Please Note: This Article is 6 years old. This increases the likelihood that some or all of it's content is now outdated.

The Anti-Social Behaviour Crime and Policing Act 2014 was given royal assent in March 2014.

This Act includes an amendment to the Housing Act 1988 bringing new mandatory grounds to ground 7 (ground 7A) for possession based on a tenant’s anti-social behaviour.

The changes affect the Assured Shorthold Tenancy (AST) although the provisions affecting it are not yet in force. They will await a Commencement Order.

Part 5 of the Act and the following sections 94 to 100 will apply:

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  • Recovery of possession of dwelling-houses: anti-social behaviour grounds
  • Absolute ground for possession: secure tenancies
  • 94. New ground for serious offences or breach of prohibitions etc
  • 95. Notice requirements for new ground
  • 96. Review requirements for new ground
  • Absolute ground for possession: assured tenancies (includes ASTs)
  • 97. Corresponding new ground and notice requirements for assured tenancies
  • Discretionary grounds: secure and assured tenancies
  • 98. Conduct causing nuisance to landlord etc (includes ASTs)
  • 99. Offences connected with riot

Supplemental

  • 100. Restrictions where new possession proceedings in progress etc

The new 1988 Housing Act ground 7A

Pain Smith solicitors give the following summary in their blog:

“The new ground 7A of schedule 2 of the Housing Act 1988 will provide landlords with grounds for possession if any one of 5 conditions are met:

1. the tenant and/or another occupier or visitor has been convicted of a serious offence and that offence took place in or near the property; or elsewhere but against a tenant/occupier of the property; or against the landlord or agent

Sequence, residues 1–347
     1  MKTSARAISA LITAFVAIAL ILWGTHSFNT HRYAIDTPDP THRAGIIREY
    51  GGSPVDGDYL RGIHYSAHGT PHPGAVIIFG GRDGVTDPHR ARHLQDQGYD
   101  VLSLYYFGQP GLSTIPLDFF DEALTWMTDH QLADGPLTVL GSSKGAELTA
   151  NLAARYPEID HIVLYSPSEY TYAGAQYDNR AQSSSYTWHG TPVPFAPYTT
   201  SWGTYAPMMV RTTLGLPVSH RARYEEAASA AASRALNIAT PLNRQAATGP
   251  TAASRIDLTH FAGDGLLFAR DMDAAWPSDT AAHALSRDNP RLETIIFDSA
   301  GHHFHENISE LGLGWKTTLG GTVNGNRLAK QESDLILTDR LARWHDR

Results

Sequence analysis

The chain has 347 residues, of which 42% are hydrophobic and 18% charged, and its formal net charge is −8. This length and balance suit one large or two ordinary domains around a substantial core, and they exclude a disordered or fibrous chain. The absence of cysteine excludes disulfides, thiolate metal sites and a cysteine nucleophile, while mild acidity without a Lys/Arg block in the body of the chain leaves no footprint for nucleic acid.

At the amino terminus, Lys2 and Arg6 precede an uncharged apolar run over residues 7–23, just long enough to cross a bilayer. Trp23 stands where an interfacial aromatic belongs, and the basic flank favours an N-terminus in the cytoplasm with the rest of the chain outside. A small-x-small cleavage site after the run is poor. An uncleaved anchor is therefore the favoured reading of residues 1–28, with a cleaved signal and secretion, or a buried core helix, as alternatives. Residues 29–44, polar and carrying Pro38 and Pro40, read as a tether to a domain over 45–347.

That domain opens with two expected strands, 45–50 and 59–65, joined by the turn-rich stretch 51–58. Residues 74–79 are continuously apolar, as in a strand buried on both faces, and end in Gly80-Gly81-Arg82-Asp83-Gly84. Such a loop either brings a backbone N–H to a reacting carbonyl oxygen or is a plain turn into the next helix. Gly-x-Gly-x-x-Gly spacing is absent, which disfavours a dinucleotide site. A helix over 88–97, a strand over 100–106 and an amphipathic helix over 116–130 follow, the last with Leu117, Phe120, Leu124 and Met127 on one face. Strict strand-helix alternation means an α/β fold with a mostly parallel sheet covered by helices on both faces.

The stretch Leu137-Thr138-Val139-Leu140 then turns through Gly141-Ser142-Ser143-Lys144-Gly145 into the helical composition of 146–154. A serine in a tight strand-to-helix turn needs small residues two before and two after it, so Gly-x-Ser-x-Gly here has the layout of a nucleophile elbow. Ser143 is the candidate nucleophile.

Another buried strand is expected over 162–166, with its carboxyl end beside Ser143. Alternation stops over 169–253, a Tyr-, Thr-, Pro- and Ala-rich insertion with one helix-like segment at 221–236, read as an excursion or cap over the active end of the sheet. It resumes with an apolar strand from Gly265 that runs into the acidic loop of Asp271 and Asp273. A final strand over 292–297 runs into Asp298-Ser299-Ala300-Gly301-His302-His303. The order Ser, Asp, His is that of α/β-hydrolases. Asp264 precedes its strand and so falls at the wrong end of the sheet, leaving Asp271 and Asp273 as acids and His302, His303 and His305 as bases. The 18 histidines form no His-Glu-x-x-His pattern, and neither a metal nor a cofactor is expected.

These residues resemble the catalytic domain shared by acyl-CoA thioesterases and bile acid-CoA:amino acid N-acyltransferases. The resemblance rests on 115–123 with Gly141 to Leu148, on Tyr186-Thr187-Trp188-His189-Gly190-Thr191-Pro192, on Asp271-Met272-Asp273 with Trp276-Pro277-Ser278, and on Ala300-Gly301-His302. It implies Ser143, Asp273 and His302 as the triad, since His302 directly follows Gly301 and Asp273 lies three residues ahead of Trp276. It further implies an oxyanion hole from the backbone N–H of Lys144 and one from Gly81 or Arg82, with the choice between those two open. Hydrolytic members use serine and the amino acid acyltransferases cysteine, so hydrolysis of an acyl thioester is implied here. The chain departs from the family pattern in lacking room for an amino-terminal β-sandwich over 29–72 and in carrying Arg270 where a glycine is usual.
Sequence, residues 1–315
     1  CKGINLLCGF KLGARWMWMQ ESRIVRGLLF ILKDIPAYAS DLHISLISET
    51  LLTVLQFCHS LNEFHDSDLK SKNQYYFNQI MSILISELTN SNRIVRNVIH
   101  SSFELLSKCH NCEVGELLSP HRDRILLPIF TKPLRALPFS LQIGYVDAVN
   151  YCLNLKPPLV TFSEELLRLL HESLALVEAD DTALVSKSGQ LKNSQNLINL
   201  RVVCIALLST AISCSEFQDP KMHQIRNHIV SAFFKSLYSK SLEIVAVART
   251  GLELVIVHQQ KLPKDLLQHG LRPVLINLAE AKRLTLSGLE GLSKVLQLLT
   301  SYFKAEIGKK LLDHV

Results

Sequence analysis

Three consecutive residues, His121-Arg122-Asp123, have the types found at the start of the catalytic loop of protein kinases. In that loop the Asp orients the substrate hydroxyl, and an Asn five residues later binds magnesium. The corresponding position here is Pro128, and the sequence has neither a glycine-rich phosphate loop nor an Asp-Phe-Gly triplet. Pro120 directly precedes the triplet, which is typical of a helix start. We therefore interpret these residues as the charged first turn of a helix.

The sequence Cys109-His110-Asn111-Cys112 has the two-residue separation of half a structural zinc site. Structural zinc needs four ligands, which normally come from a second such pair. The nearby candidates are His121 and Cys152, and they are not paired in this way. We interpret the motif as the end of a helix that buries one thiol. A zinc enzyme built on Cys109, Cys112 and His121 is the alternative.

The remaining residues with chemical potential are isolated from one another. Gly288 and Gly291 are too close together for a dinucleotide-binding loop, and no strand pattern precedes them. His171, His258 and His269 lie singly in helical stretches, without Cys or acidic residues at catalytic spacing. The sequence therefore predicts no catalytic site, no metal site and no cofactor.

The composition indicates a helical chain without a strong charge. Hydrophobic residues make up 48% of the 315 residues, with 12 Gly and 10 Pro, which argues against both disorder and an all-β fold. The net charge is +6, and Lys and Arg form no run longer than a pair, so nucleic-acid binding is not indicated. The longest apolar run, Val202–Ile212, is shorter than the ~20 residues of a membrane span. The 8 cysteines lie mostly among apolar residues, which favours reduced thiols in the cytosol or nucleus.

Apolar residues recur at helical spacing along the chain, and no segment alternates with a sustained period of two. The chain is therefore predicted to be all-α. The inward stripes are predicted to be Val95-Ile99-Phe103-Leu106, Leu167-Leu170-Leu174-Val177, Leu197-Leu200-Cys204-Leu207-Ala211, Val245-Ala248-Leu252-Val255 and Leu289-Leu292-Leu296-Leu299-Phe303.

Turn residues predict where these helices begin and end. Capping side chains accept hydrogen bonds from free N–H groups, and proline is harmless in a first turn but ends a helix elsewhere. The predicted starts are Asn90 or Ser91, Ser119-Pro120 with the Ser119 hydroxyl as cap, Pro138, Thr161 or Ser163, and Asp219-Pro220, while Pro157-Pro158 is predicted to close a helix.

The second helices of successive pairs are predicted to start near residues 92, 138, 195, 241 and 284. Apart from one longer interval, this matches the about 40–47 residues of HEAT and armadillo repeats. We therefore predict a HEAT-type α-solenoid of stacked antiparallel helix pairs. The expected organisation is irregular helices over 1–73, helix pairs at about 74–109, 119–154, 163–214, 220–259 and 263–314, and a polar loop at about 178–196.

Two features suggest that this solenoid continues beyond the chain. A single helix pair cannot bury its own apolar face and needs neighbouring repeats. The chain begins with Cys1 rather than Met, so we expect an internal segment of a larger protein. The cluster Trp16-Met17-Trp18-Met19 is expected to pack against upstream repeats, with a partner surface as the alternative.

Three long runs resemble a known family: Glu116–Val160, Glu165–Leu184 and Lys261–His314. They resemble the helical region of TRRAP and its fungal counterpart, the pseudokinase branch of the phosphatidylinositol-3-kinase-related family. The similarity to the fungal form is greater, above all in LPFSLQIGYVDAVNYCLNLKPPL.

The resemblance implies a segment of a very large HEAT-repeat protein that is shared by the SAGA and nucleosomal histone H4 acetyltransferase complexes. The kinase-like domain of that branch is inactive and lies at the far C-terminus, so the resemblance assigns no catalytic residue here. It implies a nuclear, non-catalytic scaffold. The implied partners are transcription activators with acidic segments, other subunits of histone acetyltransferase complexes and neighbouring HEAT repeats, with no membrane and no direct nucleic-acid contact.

2. the tenant/occupier or visitor has breached an injunction to prevent nuisance and annoyance (which is a new injunction to be introduced under this act)

3. the tenant/occupier or visitor has breached a criminal behaviour order ( also new order under this act) and that breach was in or near the property, or caused or was likely to cause harassment to a tenant/occupier or landlord/agent, wherever it took place.

4. the property has been closed down under s73 of the Act. The court has a power to prohibit entry to a property where the use of the premises has resulted in or likely to result in serious nuisance to members of the public.

5. the tenant is in breach of an abatement notice relating to statutory nuisance ( breach of Environmental Protection Act 1990 or noise nuisance

The grounds will not be made out if the conviction is in the process of appeal, or has been overturned.

There are time limits: for example for 1,3 and 5 the notice must be served within 12 months of the conviction; for 2 within 12 months of the court making its finding; and for 4 within 3 months of the closure order.

The date that the notice expires and after which the landlord could bring proceedings will be one month from the date of service during a fixed term tenancy, or for periodic tenancies, the earliest date that the tenancy could be brought to an end by a notice to quit.

Interestingly the reference to the common law principal of notice to quit suggests that in a periodic tenancy, where a landlord can give only two months’ notice at any time, a notice given under 7a will need to expire at the end of a period of the tenancy.

Why ground 7A? Because the mandatory grounds for possession go from 1-8 so this ground has been shoe-horned in at no 7A and is not related to ground 7.”

Please Note: This Article is 6 years old. This increases the likelihood that some or all of it's content is now outdated.
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